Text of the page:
Another Jacobite symbol, the moth, is the inspiration for Nicola Murray, who has covered the white-panelled walls 
of the north pavilion with intricately drawn creatures in invisible ink (the kind used today in security procedures). Armed with an ultraviolet torch, the viewer illuminates panel after panel of them, a powerful metaphor for a hidden army of secret supporters for the Jacobite cause in which the Stuarts played a pivotal role.

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Helen Douglas was drawn to the priest room, in the highest part of the house, the secret chapel and living quarters for the family’s priest at a time when celebrating mass was a penal offence. Her beautiful, hand-made book, bound like a missal, is placed on a small desk by the window at which the priest probably sat. It’s an exquisite, tactile response to the objects in the house: books, portraits, textiles, jewellery, and (by implication) stories, to which we are invited to add our own imagination.

More than one artist has noticed the oak panel in the house, dating from 1601, showing the Scottish unicorn garrotting the English lion with its horn. Rachel Maclean’s film The Lion and the Unicorn takes these characters as its starting point, creating sumptuously dressed personifications of lion, unicorn and queen, who speak in the voices of our politicians and monarch. In this sharp, visually sumptuous parody-pastiche, the voices of Alex Salmond and David Cameron haggle over assets and debt while the Queen slices up a Union flag cake and serves it up on Diamond Jubilee commemorative plates.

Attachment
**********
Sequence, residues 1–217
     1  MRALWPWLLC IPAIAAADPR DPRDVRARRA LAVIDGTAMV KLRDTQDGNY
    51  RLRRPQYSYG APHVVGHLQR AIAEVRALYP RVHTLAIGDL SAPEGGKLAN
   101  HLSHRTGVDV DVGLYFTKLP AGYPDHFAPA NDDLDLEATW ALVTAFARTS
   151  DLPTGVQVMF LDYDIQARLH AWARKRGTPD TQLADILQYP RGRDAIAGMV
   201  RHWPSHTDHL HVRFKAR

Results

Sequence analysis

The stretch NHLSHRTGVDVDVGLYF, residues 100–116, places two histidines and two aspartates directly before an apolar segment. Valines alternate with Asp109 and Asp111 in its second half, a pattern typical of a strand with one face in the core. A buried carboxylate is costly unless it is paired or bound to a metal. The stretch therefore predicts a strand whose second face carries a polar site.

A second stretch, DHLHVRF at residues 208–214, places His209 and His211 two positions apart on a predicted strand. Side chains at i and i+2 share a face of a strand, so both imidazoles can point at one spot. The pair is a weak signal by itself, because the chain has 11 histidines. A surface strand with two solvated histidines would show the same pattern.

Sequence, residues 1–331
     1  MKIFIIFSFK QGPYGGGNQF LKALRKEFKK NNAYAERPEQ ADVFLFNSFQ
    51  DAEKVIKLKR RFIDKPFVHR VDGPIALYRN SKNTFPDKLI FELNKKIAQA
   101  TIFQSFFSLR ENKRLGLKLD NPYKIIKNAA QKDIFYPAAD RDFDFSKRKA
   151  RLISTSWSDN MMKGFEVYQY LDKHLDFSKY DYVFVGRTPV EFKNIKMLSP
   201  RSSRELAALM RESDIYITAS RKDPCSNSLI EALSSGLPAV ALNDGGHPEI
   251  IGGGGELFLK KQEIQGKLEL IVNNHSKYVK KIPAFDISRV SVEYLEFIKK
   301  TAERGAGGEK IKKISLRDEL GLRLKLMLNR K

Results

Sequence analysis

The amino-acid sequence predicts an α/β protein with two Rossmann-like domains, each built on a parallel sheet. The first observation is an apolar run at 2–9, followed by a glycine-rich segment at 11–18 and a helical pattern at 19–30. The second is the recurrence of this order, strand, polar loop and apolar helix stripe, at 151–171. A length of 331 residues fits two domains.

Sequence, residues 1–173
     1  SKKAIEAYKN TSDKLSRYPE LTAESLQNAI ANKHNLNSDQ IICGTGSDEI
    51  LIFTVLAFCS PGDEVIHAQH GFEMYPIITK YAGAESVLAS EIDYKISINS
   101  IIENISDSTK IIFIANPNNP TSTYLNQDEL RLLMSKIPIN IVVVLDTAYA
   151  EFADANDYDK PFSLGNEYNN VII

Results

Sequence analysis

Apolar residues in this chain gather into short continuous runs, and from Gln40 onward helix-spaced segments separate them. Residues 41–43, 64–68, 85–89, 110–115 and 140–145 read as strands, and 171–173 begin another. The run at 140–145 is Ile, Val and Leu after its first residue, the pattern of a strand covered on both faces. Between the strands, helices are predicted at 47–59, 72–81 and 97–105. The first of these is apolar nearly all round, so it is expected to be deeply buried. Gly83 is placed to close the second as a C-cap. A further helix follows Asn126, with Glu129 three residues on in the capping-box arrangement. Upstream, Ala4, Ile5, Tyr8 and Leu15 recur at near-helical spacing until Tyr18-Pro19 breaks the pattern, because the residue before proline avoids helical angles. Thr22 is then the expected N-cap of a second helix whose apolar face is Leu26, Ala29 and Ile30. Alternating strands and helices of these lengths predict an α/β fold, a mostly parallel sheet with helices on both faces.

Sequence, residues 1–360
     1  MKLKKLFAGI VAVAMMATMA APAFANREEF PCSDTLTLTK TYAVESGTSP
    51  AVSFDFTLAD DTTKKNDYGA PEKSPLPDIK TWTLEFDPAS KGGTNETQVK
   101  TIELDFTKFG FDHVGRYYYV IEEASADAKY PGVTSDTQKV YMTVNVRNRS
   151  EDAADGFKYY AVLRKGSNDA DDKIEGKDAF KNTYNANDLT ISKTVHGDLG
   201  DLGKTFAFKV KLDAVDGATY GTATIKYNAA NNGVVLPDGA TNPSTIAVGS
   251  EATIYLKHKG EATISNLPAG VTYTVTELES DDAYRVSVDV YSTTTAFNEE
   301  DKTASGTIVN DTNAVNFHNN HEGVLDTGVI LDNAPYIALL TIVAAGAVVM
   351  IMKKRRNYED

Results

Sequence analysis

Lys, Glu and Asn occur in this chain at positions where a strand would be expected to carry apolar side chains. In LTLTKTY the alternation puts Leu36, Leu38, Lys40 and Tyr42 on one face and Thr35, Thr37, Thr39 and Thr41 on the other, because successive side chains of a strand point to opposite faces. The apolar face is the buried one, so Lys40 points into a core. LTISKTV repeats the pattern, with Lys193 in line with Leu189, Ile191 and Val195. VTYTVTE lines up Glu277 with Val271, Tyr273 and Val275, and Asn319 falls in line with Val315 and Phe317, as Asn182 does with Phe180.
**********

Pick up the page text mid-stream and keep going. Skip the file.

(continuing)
Duncan Robertson’s digital embroideries pop up in various locations around the house, interweaving the designs from the historic wallpaper with images of weaponry associated with different periods in the history of the house (including the First World War in which four Maxwell-Stuarts died). The splicing of domestic and military, feminine craft with masculine violence 
is vivid, all the more so for its stealth effect – you have to look hard to notice them. Even so, the AK-47 on the fender 
in the lower drawing room still comes as a bit of shock when 
you realise what you’re looking at.

Lesley Logue’s bears – standing sentinel on the lawns beside the maze – are casts of archery practice targets, referring to the house’s past as a royal hunting lodge. Logue is a recreational archer, and each bears the scuffs and dents of arrows – some closer to the target than others.

As well as their interventions throughout the house, each artist makes a print and these are shown together in the high gallery. Some of the artists have made print-making the focus of their practice, others have not, but all explore it here. Many also stretch its possibilities, by making multiples, stamps, casts, working in digital embroidery, book-making, wallpaper.

The result is a body of work that responds to the context of Traquair. It doesn’t feel exactly like an exhibition, and indeed, it might not stand alone without this site-specific location.

So subtle and well thought-out are the interventions that they blend in to their surroundings to begin to alter the experience of a stately home visit. It’s hard to say exactly how, but it’s broader and deeper thanks to the addition of seven artists’ imaginations.

• Until 30 September.